The Hamilton Spectator: Over two years, Project Arachnid has flagged 10 million images of suspected child pornography. “Scanning 12,000 images per second, the two-year-old tool — called Project Arachnid — has scanned nearly 80 billion images and flagged 10 million as suspected images of child sexual abuse. It has also gathered millions of words shared between pedophiles detailing their strategies and techniques for grooming and abusing children.” This entire article is a trigger warning. I gagged twice. If you skip this one I don’t blame you.
CNN: Smithsonian interested in obtaining migrant children’s drawings depicting their time in US custody. “The Smithsonian’s National Museum of American History has inquired about obtaining disturbing drawings by migrant children that depict figures with sad faces behind bars.”
CNET: TikTok is being investigated over children’s privacy again, report says. “The UK is examining how social video app TikTok handles children’s data and whether it ensures child safety on its platform, a report says. The investigation follows TikTok paying up $5.7 million to settle US Federal Trade Commission (FTC) charges that it illegally collected personal information from children.”
Lifehacker: Help Your Anxious Kid Prepare for an Event With Youtube Videos. “Nowadays you can find a video for just about anything your kid is about to experience, whether it’s go through TSA, ride the subway in New York City or visit the dentist for the first time. Pictures and maps can help, too.” Why limit this to kids? Recently I traveled alone by train for the first time in over ten years. I watched several YouTube videos of Amtrak rides and vlogs so I’d have some idea of how things worked. Recognizing much of the process as I experienced it made me more comfortable.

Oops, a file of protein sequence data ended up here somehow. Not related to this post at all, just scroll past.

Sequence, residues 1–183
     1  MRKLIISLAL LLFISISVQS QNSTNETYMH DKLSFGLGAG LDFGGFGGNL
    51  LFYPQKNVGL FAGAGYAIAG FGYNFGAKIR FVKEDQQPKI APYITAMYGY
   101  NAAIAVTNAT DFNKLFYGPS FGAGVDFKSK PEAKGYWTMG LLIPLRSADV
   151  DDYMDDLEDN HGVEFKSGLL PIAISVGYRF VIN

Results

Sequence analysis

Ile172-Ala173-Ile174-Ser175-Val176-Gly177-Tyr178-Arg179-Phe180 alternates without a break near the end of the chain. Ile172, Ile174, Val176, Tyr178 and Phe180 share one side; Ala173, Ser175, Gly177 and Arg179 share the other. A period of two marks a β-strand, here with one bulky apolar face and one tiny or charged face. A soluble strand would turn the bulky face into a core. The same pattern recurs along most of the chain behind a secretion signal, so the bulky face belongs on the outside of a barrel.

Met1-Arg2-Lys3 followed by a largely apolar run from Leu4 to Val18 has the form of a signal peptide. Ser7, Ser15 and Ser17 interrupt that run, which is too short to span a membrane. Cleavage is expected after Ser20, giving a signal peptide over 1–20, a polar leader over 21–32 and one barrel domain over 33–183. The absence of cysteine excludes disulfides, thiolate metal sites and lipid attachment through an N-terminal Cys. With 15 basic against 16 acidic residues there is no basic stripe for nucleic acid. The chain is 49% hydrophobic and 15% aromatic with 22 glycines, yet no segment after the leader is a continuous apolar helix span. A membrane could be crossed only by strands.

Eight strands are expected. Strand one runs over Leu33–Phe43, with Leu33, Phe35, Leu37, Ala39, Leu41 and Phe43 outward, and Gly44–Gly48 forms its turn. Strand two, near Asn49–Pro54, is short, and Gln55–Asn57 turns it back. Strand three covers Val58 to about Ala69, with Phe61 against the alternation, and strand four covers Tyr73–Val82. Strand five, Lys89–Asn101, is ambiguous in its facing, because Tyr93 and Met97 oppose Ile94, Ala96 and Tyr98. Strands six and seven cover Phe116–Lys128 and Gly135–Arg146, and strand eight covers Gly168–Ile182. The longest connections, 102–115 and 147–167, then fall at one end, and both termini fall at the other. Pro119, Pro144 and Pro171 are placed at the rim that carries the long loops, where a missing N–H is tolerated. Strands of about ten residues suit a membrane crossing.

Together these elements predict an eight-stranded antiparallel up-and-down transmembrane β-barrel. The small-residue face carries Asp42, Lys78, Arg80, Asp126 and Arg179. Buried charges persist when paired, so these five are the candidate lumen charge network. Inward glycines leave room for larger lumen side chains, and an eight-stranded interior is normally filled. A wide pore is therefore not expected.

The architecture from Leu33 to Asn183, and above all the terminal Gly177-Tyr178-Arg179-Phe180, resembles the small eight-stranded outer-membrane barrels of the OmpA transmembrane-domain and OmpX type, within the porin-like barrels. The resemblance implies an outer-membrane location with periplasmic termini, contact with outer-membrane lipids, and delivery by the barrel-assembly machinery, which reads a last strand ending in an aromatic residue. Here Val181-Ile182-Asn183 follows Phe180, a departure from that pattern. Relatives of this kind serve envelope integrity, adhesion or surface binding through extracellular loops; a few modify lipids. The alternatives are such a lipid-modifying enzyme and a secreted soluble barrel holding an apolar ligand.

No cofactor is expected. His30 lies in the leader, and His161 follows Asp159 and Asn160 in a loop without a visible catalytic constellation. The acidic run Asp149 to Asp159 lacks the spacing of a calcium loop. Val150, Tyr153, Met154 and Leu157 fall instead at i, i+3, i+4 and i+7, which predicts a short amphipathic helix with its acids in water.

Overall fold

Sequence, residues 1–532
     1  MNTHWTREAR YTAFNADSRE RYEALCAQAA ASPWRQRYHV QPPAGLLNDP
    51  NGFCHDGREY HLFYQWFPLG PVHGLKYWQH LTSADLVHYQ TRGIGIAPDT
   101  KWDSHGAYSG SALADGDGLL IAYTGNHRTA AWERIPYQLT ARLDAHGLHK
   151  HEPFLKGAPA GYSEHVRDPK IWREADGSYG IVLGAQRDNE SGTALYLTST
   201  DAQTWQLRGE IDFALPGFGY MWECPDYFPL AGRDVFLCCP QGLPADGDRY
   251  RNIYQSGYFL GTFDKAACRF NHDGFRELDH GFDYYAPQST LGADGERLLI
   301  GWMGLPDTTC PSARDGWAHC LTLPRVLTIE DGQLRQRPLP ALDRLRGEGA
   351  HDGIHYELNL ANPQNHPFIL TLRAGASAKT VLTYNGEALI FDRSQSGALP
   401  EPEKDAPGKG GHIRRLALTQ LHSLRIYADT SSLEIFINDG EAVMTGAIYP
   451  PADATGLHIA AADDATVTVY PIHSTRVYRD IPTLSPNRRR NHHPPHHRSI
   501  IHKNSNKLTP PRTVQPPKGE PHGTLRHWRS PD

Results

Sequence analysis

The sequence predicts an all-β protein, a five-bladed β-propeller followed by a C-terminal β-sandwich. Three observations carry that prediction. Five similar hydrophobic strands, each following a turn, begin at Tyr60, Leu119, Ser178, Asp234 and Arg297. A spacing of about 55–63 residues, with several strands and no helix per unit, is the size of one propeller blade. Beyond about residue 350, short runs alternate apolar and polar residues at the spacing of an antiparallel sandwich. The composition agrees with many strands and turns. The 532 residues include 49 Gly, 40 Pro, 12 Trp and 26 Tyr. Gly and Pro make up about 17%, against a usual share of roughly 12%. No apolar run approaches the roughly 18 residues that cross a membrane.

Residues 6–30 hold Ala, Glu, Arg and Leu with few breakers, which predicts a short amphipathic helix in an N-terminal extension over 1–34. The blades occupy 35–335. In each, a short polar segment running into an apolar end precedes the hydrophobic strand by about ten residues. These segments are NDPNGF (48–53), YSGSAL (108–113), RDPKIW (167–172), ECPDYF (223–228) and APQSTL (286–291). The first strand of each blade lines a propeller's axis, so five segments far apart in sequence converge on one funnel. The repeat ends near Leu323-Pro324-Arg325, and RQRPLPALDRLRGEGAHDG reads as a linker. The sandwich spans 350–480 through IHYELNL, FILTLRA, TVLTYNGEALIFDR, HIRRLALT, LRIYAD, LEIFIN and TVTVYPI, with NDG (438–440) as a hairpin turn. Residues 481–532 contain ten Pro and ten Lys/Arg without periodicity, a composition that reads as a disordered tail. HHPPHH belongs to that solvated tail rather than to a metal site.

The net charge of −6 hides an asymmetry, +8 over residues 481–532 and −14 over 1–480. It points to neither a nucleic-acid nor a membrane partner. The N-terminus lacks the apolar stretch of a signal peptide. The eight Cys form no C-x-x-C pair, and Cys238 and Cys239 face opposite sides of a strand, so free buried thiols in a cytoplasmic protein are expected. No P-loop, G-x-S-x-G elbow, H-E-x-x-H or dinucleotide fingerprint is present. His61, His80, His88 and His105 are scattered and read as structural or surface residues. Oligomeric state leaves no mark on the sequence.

BBC: Girl, 12, flooded with beauty ads on Instagram. “The aunt of a 12-year-old girl has shared screenshots online of the adverts her niece was served up on Instagram during the course of a day. Many were based around fashion or beauty.” Apparently the girl is just about to turn 13, which is Facebook’s minimum for joining its social networks.
The Washington Post: Sex, drugs, and self-harm: Where 20 years of child online protection law went wrong. “Consumer and privacy advocates have alleged rampant COPPA violations by leading technology companies, including in a highly detailed 59-page complaint against YouTube last year. Even when federal authorities take action, the penalties typically come many years after the violations began and make little dent in corporate profit margins, the advocates say.”
Not sure when this updated, but the 2019 version of the USDA’s Summer Meal Site Finder is available at https://www.fns.usda.gov/summerfoodrocks . This site allows you to search your area for places offering free meals to kids 18 and younger over the summer holidays. I searched my town and found 49 results, which I think is the max that the map will show.